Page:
Locke Lord Pro Bono Feature

    The scars on the woman's body are a testament to years of physical abuse and unspeakable violence. The black skin of her forehead and both cheeks are marred by hyper-pigmented spots and scars from burns and numerous beatings. Her nose is battered and permanently scarred. Forged into the skin of her upper right back is a human bite mark. Both legs bear burn scars inflicted with a smoldering stick. Scars from knife wounds dot her upper back and right ankle.

    The woman's psychological scars are worse. She suffers from post-traumatic stress disorder, hallucinations and flashbacks.

    Now, after years of struggling to escape her native Darfur in Sudan, the 48-year-old woman is free for the first time in her life. A team of pro bono lawyers from Locke Lord's Chicago office, led by Partner Ann Walsh and Associate Shereefat Balogun, worked more than three years to gain political asylum for their client. An immigration judge granted our client asylum in October 2011.

    "Our next battle is to get our clients' children to join her in the United States as safely and quickly as possible," Walsh said. "Until then, we're only halfway done."

    Because of the danger the woman's family continues to face in Sudan, we are not using her name. Her story unfolds in the war-torn region of Darfur, Sudan, where she grew up, married, bore three daughters and ran a small business selling honey and other goods. The woman and her family have dark black skin and are members of the Für tribe, all considered inferior by the Arab militia and government-backed group called Janjaweed. War escalated in her homeland in 1999, the year her husband disappeared while tending cattle. It was a turning point for the family.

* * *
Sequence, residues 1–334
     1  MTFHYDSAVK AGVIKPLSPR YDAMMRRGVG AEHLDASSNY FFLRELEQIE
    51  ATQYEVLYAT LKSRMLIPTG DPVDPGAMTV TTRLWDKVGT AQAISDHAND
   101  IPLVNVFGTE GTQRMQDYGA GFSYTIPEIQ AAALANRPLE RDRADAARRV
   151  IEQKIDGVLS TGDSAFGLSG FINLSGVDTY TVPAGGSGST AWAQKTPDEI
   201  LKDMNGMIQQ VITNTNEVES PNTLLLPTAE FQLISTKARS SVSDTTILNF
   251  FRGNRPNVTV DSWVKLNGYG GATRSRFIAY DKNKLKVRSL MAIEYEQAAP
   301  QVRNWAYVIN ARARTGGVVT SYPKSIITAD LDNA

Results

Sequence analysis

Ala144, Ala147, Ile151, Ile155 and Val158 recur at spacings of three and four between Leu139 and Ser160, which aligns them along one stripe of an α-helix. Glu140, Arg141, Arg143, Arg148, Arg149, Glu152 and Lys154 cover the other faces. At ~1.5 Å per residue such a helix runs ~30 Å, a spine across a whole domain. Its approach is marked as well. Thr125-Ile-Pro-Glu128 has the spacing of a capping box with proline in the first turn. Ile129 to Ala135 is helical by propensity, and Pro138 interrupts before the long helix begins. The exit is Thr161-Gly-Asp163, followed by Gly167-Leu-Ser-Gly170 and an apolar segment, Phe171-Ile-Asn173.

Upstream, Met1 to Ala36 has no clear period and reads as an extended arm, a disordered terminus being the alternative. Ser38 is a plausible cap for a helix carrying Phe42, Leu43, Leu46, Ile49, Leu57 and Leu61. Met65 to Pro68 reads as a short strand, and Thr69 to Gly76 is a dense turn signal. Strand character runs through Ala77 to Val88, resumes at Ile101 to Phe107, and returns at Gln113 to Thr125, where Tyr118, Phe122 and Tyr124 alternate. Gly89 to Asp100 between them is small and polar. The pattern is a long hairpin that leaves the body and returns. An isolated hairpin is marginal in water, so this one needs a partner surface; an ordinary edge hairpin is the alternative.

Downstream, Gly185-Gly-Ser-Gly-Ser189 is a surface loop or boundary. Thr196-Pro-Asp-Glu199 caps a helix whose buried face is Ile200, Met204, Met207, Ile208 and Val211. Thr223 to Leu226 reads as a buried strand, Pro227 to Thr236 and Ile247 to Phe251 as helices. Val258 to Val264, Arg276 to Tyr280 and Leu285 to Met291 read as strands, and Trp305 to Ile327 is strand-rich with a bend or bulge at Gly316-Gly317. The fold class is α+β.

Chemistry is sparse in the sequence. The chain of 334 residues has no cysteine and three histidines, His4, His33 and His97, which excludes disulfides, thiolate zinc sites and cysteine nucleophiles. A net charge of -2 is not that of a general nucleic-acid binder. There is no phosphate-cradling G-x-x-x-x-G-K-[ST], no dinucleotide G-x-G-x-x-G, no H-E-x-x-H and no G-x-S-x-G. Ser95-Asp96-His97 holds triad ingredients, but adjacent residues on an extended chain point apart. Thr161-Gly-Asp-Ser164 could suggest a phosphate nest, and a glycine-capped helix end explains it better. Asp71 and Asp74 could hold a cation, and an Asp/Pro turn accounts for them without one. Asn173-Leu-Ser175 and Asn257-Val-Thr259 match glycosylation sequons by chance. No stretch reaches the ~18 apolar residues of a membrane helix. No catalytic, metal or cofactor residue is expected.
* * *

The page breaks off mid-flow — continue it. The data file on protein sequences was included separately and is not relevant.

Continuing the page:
Despite constant searching, our client never learned her husband's fate and presumes the Janjaweed murdered him. While searching for him, she was captured by the Janjaweed and was tortured, beaten and raped, a system of persecution that continued for several years. When the militia attacked her village in 2005, they set fire to her home, beat and raped her again while her family huddled in an underground storage area. Her uncle, along with several children and adults from the village, were killed in the attack.

    She was able to escape to the United States through Egypt, but the woman she paid to help her was a human smuggler who put her in the hands of people who forced her to work without pay and held her prisoner. A kind Detroit police officer helped put her in touch with a group that ultimately led her to the National Immigrant Justice Center in Chicago and to Locke Lord's pro bono lawyers.


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